When I first looked at Frolyc I thought it was a lesson planning tool. Somewhat like Khan Academy’s mashable lesson plans or Mentor Mob’s playlist of activities–or Knowmia‘s carefully-crafted materials that can be shared throughout their communities. But the more I dug into it, the more I realized that I was selling Frolyc short. Yes, it can curate content–for me, more easily than these others–in preparation for a flipped classroom lesson or independent student study. I could quickly collect a wide variety of interactive materials and distribute them to students nicely grouped under a theme. Yes, it can deliver low-stakes testing to students while they work, to evaluate learning and determine if appropriate scaffolding has been provided to insure understanding. Teachers have adopted short and quick formative assessments to inform them about whether the lesson they’re teaching is achieving the desired results. Typically, this requires a separate student log-in through an add-on tool like Today’s Meet and Socrative. I liked that Frolyc integrated it into the platform–no need to go elsewhere.
But Frolyc could do more. The lesson plan I created could easily be differentiated to accommodate varied student learning styles by tweaking it before pushing it out to student accounts. When the student logs on to their iPad-based account, they get not a mass-produced lesson, one-size-fits-all, but one that addresses his/her range of knowledge, needs, and learning style. With a nominal amount of work on the teacher’s part, no two lesson plans need be the same, just as no two students are exactly alike.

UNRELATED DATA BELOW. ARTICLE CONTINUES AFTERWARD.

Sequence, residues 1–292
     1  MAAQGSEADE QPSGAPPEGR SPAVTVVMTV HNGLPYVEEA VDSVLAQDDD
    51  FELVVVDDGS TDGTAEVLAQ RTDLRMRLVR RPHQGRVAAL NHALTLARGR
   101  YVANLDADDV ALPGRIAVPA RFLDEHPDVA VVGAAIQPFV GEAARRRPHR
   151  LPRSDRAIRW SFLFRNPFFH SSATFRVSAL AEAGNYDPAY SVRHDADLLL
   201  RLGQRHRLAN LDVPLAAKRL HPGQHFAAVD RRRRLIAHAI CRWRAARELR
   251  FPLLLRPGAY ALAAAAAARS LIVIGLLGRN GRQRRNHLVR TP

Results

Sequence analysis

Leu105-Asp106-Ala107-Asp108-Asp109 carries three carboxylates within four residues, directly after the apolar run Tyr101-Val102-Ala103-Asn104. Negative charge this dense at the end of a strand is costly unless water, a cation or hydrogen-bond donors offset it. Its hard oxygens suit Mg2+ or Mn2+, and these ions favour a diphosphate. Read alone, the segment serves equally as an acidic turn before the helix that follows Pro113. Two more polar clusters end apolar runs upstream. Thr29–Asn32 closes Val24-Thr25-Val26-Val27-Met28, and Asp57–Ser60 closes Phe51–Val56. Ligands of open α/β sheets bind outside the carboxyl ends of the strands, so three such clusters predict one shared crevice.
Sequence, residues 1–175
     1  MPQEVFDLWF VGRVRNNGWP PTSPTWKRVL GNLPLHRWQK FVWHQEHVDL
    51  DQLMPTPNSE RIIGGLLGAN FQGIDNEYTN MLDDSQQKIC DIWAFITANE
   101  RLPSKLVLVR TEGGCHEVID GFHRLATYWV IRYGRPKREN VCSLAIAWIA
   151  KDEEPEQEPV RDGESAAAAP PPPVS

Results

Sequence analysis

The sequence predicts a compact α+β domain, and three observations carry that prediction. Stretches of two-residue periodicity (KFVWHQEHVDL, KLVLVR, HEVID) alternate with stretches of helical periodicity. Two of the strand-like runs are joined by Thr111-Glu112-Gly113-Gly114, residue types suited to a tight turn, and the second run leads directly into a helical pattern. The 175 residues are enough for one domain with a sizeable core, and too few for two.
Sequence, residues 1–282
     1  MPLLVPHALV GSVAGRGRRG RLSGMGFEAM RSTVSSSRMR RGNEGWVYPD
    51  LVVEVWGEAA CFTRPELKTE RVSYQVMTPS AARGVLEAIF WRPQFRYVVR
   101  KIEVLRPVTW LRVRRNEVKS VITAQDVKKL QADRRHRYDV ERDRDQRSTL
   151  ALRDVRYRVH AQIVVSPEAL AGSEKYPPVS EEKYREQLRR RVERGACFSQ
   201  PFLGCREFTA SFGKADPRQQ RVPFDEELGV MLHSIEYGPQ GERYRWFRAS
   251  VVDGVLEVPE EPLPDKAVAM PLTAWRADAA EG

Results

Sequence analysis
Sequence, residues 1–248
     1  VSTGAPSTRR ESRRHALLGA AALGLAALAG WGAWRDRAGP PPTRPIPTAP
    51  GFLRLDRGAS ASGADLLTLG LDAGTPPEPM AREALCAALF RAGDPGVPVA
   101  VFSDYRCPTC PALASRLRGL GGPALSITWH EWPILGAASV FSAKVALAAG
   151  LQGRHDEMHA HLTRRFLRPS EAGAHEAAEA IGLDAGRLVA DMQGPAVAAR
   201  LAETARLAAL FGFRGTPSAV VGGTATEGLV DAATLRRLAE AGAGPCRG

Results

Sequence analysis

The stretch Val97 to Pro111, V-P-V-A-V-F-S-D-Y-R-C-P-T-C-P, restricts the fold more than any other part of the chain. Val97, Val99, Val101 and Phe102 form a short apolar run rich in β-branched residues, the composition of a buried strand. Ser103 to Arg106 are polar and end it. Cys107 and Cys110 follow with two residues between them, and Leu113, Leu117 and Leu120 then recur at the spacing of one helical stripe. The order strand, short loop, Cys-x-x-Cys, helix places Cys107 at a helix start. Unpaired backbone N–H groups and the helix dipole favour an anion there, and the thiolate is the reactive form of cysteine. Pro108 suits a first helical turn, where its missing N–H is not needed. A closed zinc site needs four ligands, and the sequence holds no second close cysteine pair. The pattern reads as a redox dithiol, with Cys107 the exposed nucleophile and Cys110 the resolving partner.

Additionally with Frolyc, lesson plans became more than students passively consuming videos, text, websites–they included sharing ideas, comments, and collaboration.
Here’s how it works:
- the teacher logs onto their Frolyc account (on the Frolyc website). By the way, the website is clear, easily-maneuvered, simple to decode. I like the neat, organized approach to helping teachers get started and work.
- The site opens by asking what they would like to do? That can be start or edit a lesson, manage the classroom, or one of several other activities:
- To create/edit a lesson, the teacher accesses a screen that helps them develop a simple or multi-page plan using one or many multimedia activities. Creating new activities is intuitive–click ‘create new activity’, select an item, then select the type of activity (visual organizer, multiple choice, quiz, reading comprehension, word search, cause and effect based on a passage students read):
- Once the lesson plan is complete, it can be adapted to unique student requirements and directed to just the students who will benefit from the lesson plan or the entire group. Then, it is automatically synced with the student iPad through the associated app, Activity Spot.
- Students log onto their own account, wait while they are synced to teacher deliveries (if needed), and follow the lesson. This, like the Frolyc website, is simple for students to use, clear, and intuitive. I like that they can join with a class code provided by the teacher–no worries about log-ins and passwords.